Lifelong Faith Formation 2024
Registration Now Open for Winter Semester

Classes Begin January and February

In its fourth year, Lifelong Faith Formation is one way for people of the Northern Great Lakes Synod, and beyond, to be church together. Join the conversation. Enjoy the fellowship and discover new ways to share the light of Christ with the world.

Please Register at least one week prior to when your selected class begins.

All classes are held online via Zoom. One course is meeting in person, at First Lutheran Church in Gladstone, with an option to “Zoom-in.” Classes are FREE but may require the purchase of textbooks or other materials. See below for details.

Contact Deacon Lori Ward if you have any questions about Lifelong Faith Formation 

(615) 519-1969 or

Lifelong Faith Formation Tree

Stewards of Children

Instructor: Pastor Kari Vadis, Trinity, Rhinelander 

Choose one of two sessions: 

Thursday, February 29, 11 a.m. – 1:30 p.m. Eastern; 10 a.m. – 12:30 p.m. Central 


Thursday, February 29, 4 – 6:30 p.m. Eastern; 3 – 5:30 p.m. Central 

If you are a rostered leader, participation in this program will meet the Northern Great Lakes Synod recommendation for boundaries training once every three years.

Pastor Kari Vadis is an authorized facilitator with Darkness to Light, an international, non-profit leader in child sexual abuse prevention, research, and advocacy. This training session empowers adults to prevent, recognize, and react responsibly to child sexual abuse through awareness, education, and stigma reduction. Join the movement toward a world free of child sexual abuse—a world in which adults form prevention-oriented communities that protect the child’s right to a healthy childhood. Join the movement to make your faith community a safe space.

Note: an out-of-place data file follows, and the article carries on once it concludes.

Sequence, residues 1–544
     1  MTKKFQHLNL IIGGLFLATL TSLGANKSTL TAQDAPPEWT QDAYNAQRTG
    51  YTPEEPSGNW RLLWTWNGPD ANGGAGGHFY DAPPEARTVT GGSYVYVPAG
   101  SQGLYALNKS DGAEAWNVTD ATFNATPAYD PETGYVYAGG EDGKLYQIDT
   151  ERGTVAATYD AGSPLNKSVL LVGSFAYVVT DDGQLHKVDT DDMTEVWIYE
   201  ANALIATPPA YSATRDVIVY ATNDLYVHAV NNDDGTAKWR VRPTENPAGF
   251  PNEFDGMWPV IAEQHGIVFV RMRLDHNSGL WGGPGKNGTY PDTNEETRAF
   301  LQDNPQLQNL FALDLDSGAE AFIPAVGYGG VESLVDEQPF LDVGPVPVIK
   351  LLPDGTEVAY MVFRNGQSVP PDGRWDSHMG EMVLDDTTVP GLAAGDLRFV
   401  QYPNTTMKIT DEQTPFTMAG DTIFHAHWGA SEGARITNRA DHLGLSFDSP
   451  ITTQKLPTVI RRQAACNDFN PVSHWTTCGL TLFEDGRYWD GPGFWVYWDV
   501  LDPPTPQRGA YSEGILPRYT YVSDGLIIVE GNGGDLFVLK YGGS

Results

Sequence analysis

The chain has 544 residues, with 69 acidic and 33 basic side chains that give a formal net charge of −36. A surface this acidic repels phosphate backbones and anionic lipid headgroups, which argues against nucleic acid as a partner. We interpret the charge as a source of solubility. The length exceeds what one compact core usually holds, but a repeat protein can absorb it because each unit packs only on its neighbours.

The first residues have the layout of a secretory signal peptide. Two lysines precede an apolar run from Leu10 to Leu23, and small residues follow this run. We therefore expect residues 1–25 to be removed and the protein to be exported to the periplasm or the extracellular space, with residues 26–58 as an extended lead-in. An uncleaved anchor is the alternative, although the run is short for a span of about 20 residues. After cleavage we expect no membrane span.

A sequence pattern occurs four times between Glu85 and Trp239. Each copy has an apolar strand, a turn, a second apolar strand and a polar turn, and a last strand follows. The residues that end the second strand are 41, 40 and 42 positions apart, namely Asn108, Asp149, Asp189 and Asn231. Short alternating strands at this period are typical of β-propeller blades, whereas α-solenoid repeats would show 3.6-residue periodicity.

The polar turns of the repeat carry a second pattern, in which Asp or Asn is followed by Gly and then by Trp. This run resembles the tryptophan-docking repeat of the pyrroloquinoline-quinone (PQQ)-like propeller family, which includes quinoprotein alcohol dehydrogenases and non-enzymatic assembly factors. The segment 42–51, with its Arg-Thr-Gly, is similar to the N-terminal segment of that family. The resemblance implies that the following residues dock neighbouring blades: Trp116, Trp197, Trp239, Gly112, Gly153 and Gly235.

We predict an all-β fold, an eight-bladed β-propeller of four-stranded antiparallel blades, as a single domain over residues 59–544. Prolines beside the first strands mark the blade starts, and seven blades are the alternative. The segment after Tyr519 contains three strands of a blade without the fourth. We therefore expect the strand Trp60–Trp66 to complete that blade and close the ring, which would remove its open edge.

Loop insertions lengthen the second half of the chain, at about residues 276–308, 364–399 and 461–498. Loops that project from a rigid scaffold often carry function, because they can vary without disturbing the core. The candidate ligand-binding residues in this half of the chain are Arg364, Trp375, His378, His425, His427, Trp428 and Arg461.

Materials and cost: The cost of the workbook required for the training is $28, including shipping and handling. After registration, you will receive information on how to order the workbook.

Nicole - Lifelong Faith Formation

Open to Interpretation: Insights into Translating the Bible

Instructor: Nicole Hanson-Lynn, Zion and Salem, Ironwood

Sunday evenings for five weeks, January 28-February 25

6 – 7 p.m. Eastern Time, 5 – 6 p.m. Central Time

Why do we have so many translations of the Bible?  Why are people still translating it?  Isn’t the King James good enough?  In this class, we will introduce concepts in translating/interpreting, and discuss how we are blessed to have so many different interpreters and translators of scripture. You’ll get some tips for navigating all the translations, including background on Biblical Greek and Hebrew. Can anyone say “Amen” and discuss its word roots?

Stewardship Of Animals

Instructor: Cindy Sjoquist, First Lutheran Church, Gladstone, with guest speakers

Thursday evenings for 3 sessions: February 8,15 and 22

6:00 – 7:30 p.m. Eastern Time, 5:00 – 6:30 p.m. Central Time

Meeting in-person at First Lutheran Church, 1212 Minneapolis Ave., Gladstone, with online option.

Capacity: 10 people (5 in-person, 5 online)

Then God said “Let the earth bring forth living creatures after their kind: cattle and creeping things and beasts of the earth after their kind”; and it was so. — Genesis 1:24